The Antenna Definition is a quick review of impedance matching (basic transformer theory) and resonant circuits. It was pointed out that maximum power transfer could be achieved only when the source matched the load. The antenna must have the ability to match the transmission line (source impedance Ω, coax 300-Ω twin lead) and the load (the atmosphere, 377 Ω). At radio frequencies, and depending on physical length, a wire can be an impedance-matching device.
The Antenna Definition also must act somewhat as a resonant circuit; i.e., it must have the ability to transfer energy alternately from electrostatic to electromagnetic. If the Z match is correct, the energy being transferred will radiate energy into the atmosphere in the same way a transformer transforms energy from primary to secondary. This discussion is an oversimplification of the process encountered in RF transmission but can serve as a visual basis for further discussion (see Figure 9-1).
An antenna is a structure that is generally a metallic object, often a wire or group of wires, used to convert high-frequency current into electromagnetic waves, and vice versa. Apart from their different functions, transmitting and receiving antennas have similar characteristics, which means that their behavior is reciprocal.
The spacing, length, and shape of the device are related to the wavelength λ of the desired transmitter frequency; i.e., mechanical length is inversely proportional to the numerical value of the frequency.
T = time
f = frequency
Therefore, for an antenna operating at 50 MHz, t = 1/f = 0.02 μs = 6 m, and wavelength = 300 m x time μs = c/f = 3 x 108/f.
When RF energy is fed into a mismatched transmission line, standing waves occur. Energy is lost or radiated into the space surrounding the line. This process is considered unwanted in the transfer of energy to the radiation device. If we examine this process and expand upon it (Figure 9-2a), we can see, by separating the ends of the transmission line, that more surface area of the wire is exposed to the atmosphere and enhances the radiation process.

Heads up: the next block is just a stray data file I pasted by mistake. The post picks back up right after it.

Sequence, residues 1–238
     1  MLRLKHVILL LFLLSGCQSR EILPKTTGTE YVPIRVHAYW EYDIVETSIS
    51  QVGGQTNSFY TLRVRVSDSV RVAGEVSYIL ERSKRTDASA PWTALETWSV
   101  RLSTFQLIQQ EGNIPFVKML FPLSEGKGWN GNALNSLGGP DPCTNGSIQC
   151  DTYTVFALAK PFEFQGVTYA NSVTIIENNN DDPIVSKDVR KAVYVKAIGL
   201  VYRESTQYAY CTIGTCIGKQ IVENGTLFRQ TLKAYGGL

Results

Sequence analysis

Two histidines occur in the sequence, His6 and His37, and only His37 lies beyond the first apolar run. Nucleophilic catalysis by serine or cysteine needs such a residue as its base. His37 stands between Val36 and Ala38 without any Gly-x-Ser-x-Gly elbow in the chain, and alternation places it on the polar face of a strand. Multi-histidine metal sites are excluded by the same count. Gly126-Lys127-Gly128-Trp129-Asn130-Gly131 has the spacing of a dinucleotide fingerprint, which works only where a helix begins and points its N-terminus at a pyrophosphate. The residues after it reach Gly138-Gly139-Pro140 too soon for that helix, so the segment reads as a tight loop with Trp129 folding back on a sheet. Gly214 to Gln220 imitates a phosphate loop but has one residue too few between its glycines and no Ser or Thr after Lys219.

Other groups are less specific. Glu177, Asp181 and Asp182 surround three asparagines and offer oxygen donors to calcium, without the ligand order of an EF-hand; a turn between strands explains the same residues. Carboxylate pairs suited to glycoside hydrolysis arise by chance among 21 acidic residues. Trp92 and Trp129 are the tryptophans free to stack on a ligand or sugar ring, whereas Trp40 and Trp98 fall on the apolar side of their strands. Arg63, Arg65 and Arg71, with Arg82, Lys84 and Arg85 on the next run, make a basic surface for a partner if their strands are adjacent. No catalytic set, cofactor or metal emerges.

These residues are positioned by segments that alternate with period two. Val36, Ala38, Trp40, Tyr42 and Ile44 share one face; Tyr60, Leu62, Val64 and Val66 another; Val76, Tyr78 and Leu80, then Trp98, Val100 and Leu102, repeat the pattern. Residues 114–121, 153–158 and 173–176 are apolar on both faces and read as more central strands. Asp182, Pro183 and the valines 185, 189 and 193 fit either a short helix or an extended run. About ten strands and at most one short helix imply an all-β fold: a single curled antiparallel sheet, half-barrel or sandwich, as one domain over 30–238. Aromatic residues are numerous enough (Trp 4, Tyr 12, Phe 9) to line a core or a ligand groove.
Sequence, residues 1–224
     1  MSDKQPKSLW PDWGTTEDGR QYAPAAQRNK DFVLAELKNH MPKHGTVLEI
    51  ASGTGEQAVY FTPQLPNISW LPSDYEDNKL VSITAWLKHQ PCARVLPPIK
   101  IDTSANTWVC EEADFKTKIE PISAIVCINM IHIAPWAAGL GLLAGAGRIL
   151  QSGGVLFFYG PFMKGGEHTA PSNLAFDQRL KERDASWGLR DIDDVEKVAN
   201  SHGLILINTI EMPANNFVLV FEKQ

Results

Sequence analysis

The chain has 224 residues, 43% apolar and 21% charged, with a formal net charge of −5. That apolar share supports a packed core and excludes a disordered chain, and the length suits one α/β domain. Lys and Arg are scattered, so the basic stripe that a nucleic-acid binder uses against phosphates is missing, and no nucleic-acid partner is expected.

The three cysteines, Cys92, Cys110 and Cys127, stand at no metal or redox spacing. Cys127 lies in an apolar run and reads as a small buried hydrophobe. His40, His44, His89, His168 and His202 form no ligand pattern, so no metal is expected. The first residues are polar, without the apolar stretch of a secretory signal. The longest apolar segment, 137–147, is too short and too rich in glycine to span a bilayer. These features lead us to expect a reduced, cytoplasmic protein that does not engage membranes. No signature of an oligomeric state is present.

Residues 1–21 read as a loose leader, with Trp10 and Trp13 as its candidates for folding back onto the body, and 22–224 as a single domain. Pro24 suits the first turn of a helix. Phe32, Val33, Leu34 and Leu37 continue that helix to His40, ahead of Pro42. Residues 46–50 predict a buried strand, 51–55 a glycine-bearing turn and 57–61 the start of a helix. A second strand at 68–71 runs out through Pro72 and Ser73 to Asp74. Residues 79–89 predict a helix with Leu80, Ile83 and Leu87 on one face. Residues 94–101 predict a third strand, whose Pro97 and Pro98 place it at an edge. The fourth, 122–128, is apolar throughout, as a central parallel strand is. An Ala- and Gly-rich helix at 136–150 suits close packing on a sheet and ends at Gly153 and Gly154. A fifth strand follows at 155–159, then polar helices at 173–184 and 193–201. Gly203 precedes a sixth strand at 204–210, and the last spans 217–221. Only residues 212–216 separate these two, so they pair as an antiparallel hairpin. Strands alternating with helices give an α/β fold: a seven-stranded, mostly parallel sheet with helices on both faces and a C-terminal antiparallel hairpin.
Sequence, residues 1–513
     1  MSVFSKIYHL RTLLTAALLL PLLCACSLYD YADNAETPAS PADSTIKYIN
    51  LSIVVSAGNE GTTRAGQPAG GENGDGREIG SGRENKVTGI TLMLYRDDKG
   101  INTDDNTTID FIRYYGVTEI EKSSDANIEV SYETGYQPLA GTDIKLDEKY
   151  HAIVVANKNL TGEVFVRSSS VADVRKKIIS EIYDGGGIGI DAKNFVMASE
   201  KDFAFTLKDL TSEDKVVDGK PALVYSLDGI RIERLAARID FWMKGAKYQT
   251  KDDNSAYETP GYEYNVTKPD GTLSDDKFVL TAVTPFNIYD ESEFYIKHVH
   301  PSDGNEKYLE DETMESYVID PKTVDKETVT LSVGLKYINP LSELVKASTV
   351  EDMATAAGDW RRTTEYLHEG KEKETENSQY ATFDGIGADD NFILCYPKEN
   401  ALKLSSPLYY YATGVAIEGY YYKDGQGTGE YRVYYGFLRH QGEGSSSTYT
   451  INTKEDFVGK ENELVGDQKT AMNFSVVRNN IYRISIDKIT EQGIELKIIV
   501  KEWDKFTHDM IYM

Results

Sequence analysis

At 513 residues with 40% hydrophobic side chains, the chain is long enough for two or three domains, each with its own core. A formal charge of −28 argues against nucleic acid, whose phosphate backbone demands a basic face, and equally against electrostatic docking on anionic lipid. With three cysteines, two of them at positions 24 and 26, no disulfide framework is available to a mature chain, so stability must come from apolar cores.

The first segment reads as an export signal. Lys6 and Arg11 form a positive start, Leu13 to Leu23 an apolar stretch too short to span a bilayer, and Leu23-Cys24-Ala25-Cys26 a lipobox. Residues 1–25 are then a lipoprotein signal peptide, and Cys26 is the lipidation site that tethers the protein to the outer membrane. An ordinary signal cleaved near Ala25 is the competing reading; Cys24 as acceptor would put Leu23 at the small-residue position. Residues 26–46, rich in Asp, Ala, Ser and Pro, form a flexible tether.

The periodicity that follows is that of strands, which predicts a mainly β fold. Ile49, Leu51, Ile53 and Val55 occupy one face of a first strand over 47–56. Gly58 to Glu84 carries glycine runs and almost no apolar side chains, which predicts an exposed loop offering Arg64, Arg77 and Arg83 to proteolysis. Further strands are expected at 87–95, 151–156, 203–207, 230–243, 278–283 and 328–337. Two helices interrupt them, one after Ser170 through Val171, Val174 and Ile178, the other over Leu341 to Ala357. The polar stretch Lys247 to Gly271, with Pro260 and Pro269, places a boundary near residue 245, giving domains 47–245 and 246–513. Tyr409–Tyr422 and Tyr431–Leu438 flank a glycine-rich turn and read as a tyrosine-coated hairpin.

The radiation efficiency of this system is improved even more when the two wires are bent at 90° (right angles) to each other (Figure 9-2b). The electric and magnetic fields are now fully coupled to the surrounding space instead of being confined between the two wires, and maximum radiation results. This type of radiator is called a dipole. When the total length of the two wires is a half wavelength, the Antenna Definition is called a half-wave dipole.
This configuration has similar characteristics to its equivalent length transmission line (1/4 λ). It results in high impedance (Hi Z) at the far ends reflected as low impedance (Lo Z) at the end connected to the transmission line. This causes the antenna to have a large current node at the center and large voltage nodes at the ends, resulting in maximum radiation.
The Elementary Doublet (Hertzian Dipole):
The doublet is a theoretical antenna shorter than a wavelength (Figure 9-3a). It is used as a standard to which all other antenna characteristics can be compared.
The field strength of this antenna can be calculated as follows:
E = magnitude of field strength (μs/m)
r = distance
Le = antenna length
I = current amplitude
θ = the angle of the axis of the wire and the point of maximum radiation
As shown in Figure 9-36, the radiation is a double circular pattern, with maximum radiation at 90° to the axis of the wire.